In the warehouse scenario, once the position coordinate [ x k , y k ] , the velocity ν p n and the angel θ between the AGV and + y direction of the coordinate are known, the left and right side position can be calculated with the size of AGV as follows:
l x k l y k = x + w 2 cos θ y w 2 sin θ ; r x k r y k = x w 2 cos θ y + w 2 sin θ ,
where w is the width of the AGV.
Considering the control delay of the AGV, assuming that the AGV keeps its current state for time Δ t , the position of the left and right side of the AGV could be calculated and predicted.
If the area covering the four points [ l x k , l y k ] , [ r x k , r y k ] , [ l x k + 1 , l y k + 1 ] , [ r x k + 1 , r y k + 1 ] does not contain obstacles in the electronic map, no collision happens. When the area has obstacles, collisions will happen and the AGV adjusts its direction until it meets the demand for non-collision.

4. Experiment Results

In this section, the performance of the proposed UWB and INS based AGV collision avoidance system is tested, including the UWB and INS positioning accuracy test and the collision avoidance ability test of the AGV.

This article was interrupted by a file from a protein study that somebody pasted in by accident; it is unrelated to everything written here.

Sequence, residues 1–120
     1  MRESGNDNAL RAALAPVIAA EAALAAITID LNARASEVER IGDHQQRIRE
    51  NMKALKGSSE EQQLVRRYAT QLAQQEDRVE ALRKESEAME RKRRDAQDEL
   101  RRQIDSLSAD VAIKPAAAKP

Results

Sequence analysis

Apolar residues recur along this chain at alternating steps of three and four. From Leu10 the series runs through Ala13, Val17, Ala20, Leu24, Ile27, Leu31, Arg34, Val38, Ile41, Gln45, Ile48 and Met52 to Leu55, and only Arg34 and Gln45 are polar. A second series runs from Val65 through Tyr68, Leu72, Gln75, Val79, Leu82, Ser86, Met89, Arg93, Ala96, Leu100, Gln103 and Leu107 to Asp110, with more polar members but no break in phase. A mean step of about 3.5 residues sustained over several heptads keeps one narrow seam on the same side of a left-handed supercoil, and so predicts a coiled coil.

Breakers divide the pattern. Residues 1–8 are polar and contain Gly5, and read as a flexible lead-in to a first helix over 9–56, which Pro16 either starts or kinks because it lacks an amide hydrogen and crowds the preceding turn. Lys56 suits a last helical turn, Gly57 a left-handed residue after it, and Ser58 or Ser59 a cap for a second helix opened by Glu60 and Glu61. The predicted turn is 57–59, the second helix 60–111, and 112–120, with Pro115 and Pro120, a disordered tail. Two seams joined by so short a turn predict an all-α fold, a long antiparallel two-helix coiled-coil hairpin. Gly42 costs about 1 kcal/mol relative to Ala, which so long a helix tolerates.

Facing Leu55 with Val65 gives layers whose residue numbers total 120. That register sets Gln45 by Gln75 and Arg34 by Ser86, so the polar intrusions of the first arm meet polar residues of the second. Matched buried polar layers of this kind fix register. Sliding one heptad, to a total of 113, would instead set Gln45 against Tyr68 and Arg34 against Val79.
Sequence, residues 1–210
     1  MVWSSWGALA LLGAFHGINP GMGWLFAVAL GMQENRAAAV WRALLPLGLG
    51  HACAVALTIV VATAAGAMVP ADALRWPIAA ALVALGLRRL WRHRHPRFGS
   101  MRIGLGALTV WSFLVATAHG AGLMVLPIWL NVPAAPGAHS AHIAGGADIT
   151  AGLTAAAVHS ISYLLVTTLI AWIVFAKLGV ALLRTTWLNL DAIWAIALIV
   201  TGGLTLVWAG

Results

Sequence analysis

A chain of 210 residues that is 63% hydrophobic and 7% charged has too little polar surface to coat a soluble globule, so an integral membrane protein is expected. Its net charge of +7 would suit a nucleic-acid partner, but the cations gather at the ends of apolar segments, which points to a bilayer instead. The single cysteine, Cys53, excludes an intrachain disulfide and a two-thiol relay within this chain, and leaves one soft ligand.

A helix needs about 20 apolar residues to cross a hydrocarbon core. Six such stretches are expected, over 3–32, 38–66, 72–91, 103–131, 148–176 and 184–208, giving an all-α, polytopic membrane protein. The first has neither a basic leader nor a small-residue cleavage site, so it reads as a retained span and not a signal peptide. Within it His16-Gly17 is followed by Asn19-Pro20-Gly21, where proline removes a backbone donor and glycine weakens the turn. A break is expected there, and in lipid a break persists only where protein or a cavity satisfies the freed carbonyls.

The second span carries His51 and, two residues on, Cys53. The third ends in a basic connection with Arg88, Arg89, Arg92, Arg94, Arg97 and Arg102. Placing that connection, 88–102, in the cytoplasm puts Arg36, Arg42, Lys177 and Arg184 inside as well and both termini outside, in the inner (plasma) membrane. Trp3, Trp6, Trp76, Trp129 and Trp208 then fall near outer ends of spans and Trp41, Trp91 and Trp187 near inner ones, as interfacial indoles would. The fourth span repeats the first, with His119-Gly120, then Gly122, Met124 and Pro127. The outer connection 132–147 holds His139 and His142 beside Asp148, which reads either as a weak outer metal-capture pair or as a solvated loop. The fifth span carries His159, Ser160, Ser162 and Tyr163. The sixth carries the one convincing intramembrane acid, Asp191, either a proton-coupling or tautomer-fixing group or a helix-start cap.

The AGV adopted in the experiment is a Discovery Q 2 four omnidirectional wheel AGV, as shown in Figure 7. It is a small and multi-port AGV high reliability robot system.
Firstly, the positioning accuracy of UWB is tested. Due to the limitations of the test site, the test ground is set as a 10 × 10 m area. As shown in Figure 8a, the circles represent the UWB anchor nodes, and the triangle represents the sample test locations. At the test locations, the AGV collects several sets of ranging and positioning data to assess the UWB positioning accuracy. The error distribution is shown in Figure 8b. It is obvious that the test points closer to the center of the three UWB anchor nodes achieve smaller positioning error. According to the experimental results, when the UWB anchor nodes are far from each other, the positioning accuracy is poor. The results are meaningful for the deployment of the UWB anchor nodes and users can choose the distance of the anchor nodes according to their demanded accuracy.